Monday, 1 October 2012

15 Second Review: Girl Model (2011)

A couple of weeks ago, I would have pegged Into the Abyss as my strongest contender for ”creepy documentary of the year”. However, that was until I saw the innocuous sounding Girl Model.
Anyone horrified by the infantilisation of women in contemporary culture, the prevalence of eating disorders, pedophilia or child sexualisation will be disturbed from the outset. The first shots are of what seems to be hundreds of scrawny, half-naked,
barely pubescent girls being critiqued by agents at a model casting. This is an environment in which the young women are spoken about as if they are not present, and so have to stand by while their appearances are judged. One girl is rejected for having hips that are too big, for example. This wouldn’t be so bad if she had hips. What the talent scouts mean is that her pelvis is the wrong shape.
The system of beauty they herald exposes how flawed the idea of “natural beauty” is. The agents reject the model on the basis of her natural attributes – her bone-structure - which she is unable to amend. Simultaneously, this regime version of beauty is a highly artificial construction. The models edit their own bodies in the sense that they must remain thin. Those boundaries are stringently enforced. Once signed, the models are contractually obliged to regulate their vital statistics, ensuring that they do not gain a centimetre on any of those dimensions. The agents also construct beauty by imposing their own aesthetic criteria, and by editing the field: a very particular look is opted for. Documentary is the perfect medium via which to expose such tensions since its method of relaying these themes inherently entails selection and juxtaposition.
A model called Nadya is “lucky” enough to triumph over her fellow teens this bastard version of Siberia’s Next Top Model. To say she ‘wins’ a modelling contract is like painting a trip to Abu Ghraib as a romantic weekend getaway. The 13 year old, who speaks only her native tongue, is sent to Japan…alone. From that point on, the film implicitly challenges the viewer to pick out their most disturbing moment, which is no easy matter. Each incident that unfolds seems to actively vie for that title. For me, the pinnacle was when Nadya was filmed by her Japanese agent and told to say to camera that she was 15. Presumably the footage would be stored as evidence against future legal recourse, but she naively complies. The punchline is that from that point on, she simply is 15 according to the agency. Their control over what Nadya represents is all-encompassing. This minor decision resonates in her first contracted photoshoot for the company in which her face is entirely covered, and for which she is not paid.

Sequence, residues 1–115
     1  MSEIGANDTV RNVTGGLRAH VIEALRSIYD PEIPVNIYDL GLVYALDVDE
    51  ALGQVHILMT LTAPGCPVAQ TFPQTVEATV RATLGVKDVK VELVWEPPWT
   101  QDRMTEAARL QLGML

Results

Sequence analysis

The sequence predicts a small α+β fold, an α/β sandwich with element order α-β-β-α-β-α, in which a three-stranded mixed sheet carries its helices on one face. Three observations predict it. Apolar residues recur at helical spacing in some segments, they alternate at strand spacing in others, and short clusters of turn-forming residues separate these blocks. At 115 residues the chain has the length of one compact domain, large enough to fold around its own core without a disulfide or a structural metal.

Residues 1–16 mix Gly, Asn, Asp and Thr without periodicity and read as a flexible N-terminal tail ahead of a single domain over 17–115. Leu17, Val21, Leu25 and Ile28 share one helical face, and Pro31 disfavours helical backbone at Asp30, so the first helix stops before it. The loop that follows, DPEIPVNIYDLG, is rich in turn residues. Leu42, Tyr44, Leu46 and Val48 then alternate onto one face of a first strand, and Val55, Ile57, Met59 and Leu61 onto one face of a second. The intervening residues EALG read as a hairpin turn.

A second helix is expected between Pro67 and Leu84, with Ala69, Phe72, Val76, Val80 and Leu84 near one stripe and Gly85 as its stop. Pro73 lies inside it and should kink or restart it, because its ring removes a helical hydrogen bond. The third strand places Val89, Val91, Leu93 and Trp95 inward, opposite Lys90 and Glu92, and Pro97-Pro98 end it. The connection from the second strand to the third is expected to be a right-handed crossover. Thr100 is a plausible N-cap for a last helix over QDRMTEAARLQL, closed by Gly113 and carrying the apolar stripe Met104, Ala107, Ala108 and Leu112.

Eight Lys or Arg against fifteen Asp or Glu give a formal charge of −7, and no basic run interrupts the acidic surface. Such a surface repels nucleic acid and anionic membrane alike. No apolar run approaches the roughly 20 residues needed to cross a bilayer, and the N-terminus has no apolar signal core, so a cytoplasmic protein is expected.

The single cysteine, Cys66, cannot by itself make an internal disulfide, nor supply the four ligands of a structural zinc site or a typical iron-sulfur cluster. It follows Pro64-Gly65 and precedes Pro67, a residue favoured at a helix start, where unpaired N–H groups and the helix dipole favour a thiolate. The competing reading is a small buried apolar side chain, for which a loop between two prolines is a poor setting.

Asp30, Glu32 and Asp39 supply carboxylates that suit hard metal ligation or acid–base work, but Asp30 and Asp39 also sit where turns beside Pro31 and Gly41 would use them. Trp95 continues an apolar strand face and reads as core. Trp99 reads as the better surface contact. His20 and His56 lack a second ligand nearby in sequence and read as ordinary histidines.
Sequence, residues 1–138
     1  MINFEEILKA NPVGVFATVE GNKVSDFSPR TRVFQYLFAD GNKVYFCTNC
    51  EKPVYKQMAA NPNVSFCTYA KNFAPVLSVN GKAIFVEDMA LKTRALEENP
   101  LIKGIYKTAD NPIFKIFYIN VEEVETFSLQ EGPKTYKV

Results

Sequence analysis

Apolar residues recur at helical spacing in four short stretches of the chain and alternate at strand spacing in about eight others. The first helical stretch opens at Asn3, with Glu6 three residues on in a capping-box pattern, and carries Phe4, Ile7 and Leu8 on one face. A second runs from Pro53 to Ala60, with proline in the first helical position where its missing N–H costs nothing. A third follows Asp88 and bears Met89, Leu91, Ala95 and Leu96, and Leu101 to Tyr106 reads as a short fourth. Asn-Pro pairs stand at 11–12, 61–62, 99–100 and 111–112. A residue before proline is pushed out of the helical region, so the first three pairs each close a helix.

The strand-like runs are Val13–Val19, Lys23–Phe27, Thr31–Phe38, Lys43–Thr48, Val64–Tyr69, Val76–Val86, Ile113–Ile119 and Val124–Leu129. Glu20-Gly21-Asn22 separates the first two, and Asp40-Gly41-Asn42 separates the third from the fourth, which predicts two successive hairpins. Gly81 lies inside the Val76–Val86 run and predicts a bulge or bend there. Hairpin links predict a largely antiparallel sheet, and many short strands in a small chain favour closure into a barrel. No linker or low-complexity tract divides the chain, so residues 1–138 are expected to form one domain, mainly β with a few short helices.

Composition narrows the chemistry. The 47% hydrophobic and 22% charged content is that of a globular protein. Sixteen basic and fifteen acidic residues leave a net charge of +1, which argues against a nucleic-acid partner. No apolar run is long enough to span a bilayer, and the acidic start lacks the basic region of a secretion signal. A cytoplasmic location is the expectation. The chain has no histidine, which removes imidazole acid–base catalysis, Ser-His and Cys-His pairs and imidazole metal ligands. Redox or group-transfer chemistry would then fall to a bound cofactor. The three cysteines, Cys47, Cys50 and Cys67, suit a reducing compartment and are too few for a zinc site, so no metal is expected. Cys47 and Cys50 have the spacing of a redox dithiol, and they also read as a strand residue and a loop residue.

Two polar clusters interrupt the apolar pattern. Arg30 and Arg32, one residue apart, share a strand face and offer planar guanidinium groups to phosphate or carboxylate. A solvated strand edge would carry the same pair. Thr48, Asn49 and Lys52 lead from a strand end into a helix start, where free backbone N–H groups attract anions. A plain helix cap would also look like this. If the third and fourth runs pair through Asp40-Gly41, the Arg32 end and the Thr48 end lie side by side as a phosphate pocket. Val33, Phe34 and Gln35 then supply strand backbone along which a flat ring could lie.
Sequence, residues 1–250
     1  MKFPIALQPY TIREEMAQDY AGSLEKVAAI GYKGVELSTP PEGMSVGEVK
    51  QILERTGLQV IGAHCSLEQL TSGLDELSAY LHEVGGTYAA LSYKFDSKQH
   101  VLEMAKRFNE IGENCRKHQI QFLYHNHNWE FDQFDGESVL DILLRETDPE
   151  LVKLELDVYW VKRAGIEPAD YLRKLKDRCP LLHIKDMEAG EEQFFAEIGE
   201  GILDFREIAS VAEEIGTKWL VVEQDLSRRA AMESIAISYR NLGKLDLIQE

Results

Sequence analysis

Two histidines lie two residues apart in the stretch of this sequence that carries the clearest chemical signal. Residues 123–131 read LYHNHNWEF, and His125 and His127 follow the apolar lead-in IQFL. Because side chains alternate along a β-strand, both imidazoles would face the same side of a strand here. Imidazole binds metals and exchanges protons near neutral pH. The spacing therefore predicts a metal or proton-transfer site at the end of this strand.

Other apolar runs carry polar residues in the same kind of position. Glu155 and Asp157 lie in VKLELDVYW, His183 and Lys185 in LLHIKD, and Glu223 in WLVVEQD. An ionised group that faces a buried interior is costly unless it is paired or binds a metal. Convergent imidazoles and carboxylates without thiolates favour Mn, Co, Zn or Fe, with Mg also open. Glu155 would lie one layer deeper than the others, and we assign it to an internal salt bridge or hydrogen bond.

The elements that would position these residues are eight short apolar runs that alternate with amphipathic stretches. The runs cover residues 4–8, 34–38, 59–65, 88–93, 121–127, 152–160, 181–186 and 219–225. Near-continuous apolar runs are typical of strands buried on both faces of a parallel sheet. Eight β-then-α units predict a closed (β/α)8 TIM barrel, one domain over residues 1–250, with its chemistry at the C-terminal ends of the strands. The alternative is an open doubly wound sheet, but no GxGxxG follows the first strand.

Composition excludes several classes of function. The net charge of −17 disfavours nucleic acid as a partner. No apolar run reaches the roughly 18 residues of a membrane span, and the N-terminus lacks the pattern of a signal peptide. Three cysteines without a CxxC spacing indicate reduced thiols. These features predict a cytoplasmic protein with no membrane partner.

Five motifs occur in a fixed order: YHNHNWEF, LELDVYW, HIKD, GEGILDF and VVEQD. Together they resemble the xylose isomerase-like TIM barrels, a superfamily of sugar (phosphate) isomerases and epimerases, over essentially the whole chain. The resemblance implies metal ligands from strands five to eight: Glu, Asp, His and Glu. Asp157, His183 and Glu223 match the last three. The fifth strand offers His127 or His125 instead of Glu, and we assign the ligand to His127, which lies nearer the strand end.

To make matters worse, Ashley, the talent scout that selected Nadya, supplies a running commentary regarding her own experiences as a teen model, which is intercut with self-shot footage from that point in her life. At first I thought this might humanise Ashley, who is essentially a professional human trafficker. Yet her understanding of the girls’ plights only augments Ashley’s monstrousness. The sequences come off not as vindication, but as confession. In one sense, it is tragic that her experiences have deadened her empathy. In another, her comments make it seem as if she is taking her own hideous experiences out on a generation of teens who share the ambitions she once had. The propagatory nature of Ashley’s path is echoed in the film’s final shot of a new model being selected.
That inexorability is the film’s rub. The teens are never physically abused, but that does not make the systemic violence the documentarians capture any less pernicious. As the film explicitly states, no one person in the chain can ultimately be blamed for what occurs: the whole structure is an injurious, yet apparently ceaseless cycle of decay. One of the most disturbing aspects of the documentary then, is that seemingly nothing can be done to hinder the machine: the film is upsetting, but the shock it inspires is encoded as being futile. This is not a campaign-piece that asks the audience to protest the models’ plights. Instead, it reflects the powerlessness felt by girls trapped within that system.

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